Slovak PM Matovič To Resign and Swap Role With Finance Minister
Slovak Prime Minister Igor Matovič announced his willingness to resign and offered to swap places with Finance Minister Eduard Heger. Matovič has been under increasing pressure to step down, especially after a secret agreement to buy Russia’s Sputnik V COVID-19 vaccine came to light three weeks ago. Photo: Slovak Prime Minister Igor Matovič at a press conference on June 3, 2020. Credit: Vlada.cz.
EU, Mar 30 (BD) – On Sunday, Slovak Prime Minister Igor Matovič announced his willingness to resign from his current post, and offered to swap places with Finance Minister Eduard Heger. Matovič has been under increasing pressure to step down as several crises coincided regarding the handling of the pandemic. The crisis that has overwhelmed his governing coalition erupted when a secret agreement to buy Russia’s Sputnik V COVID-19 vaccine came to light three weeks ago. “I will exchange roles with Finance Minister Eduard Heger. He is a good man and all of us can trust him,” Matovič told reporters. Heger accepted the “challenge” and stated his willingness to open talks with coalition partners and President Zuzana Caputova on a new government. Matovič and Heger are both from OLANO, the strongest party in the four-party coalition.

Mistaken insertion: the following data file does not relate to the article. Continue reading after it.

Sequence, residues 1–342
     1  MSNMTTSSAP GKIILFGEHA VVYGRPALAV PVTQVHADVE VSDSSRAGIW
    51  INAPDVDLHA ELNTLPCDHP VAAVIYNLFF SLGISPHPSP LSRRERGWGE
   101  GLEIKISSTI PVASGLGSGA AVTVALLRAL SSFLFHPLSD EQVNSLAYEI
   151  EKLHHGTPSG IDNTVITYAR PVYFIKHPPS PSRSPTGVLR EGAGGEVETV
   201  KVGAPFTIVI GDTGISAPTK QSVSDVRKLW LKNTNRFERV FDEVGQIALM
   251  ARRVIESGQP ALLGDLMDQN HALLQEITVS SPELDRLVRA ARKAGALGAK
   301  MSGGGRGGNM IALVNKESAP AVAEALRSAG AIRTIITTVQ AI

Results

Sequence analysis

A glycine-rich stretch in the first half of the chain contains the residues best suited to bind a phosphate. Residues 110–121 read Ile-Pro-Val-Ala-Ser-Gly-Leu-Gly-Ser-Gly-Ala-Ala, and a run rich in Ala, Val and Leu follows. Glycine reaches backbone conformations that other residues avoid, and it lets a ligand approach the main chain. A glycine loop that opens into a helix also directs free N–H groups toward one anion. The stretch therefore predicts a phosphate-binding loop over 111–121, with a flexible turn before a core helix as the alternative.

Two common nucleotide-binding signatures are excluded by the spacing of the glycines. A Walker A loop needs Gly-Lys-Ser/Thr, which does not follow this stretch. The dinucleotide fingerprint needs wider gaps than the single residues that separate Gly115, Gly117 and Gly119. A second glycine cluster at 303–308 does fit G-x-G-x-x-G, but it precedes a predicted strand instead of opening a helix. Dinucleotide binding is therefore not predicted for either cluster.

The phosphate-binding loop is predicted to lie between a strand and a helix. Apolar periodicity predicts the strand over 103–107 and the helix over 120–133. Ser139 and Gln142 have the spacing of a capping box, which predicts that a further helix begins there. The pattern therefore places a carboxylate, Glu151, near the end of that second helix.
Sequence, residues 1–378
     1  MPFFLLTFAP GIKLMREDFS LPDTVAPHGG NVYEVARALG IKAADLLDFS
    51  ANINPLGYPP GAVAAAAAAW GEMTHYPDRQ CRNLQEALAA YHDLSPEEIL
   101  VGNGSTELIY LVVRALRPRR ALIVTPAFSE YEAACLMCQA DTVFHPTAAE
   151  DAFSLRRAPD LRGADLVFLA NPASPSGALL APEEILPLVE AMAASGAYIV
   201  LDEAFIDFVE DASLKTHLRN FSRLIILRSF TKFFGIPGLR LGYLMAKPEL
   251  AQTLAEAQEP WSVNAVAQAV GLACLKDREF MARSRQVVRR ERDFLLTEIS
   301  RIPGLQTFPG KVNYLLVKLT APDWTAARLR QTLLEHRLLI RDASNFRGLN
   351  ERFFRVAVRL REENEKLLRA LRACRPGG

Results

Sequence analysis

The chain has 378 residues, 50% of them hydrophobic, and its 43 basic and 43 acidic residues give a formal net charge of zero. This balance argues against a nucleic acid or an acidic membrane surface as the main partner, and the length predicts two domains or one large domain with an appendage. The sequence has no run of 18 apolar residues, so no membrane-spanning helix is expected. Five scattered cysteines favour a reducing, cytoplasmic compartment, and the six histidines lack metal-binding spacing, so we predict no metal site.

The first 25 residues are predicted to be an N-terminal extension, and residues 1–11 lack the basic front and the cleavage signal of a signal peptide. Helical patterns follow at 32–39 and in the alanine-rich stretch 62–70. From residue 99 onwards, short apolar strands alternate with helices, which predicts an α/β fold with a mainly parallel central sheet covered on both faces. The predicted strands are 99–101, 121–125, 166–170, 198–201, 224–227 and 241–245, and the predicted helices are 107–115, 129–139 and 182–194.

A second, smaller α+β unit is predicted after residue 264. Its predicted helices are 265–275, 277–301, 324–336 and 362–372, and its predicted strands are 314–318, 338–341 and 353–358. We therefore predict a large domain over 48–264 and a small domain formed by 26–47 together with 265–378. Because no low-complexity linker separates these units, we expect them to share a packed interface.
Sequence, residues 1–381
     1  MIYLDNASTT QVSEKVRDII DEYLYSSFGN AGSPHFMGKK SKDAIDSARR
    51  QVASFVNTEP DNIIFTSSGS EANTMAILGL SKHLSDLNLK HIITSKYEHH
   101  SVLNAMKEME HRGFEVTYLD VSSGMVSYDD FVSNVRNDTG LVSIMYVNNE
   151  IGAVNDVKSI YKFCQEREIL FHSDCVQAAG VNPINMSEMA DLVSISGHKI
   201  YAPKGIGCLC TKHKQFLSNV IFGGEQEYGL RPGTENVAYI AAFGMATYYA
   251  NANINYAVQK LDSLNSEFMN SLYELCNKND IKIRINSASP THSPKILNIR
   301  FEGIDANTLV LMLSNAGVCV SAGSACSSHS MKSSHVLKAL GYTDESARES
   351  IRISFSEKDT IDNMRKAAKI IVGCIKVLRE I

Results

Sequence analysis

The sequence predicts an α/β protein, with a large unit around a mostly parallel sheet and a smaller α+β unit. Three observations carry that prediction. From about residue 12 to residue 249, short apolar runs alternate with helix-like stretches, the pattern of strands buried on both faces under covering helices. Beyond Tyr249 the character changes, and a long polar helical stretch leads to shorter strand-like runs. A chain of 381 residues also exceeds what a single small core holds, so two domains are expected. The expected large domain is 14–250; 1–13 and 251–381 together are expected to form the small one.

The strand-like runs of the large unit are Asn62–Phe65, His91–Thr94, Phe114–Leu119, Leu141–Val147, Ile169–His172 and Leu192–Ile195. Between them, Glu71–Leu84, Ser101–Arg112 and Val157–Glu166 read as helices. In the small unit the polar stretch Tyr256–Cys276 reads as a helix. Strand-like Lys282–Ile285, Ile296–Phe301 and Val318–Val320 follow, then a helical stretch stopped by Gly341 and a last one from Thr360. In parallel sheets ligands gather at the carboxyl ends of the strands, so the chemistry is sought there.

Slovakia has been hit hard by the pandemic, and the crisis escalated after Matovič ordered 2 million doses of Sputnik V without informing his coalition partners. He said that the purchase of Sputnik V would speed up the country’s vaccination program. Two parties in Matovič’s coalition government have repeatedly disagreed with Matovič’s party over how to handle the pandemic. Six ministers, including the Health Minister, have already resigned from the 16-member cabinet, and one party has declared that they plan to leave the four-party coalition unless Matovič leaves the government altogether.
According to the constitution, the resignation of the prime minister means the collapse of the sitting government, but the current four-member coalition may remain and form a new cabinet. In this case, the President should accept Matovič’s resignation and appoint his successor. When the new Prime Minister is in place, President Čaputová will then appoint the members of the new cabinet.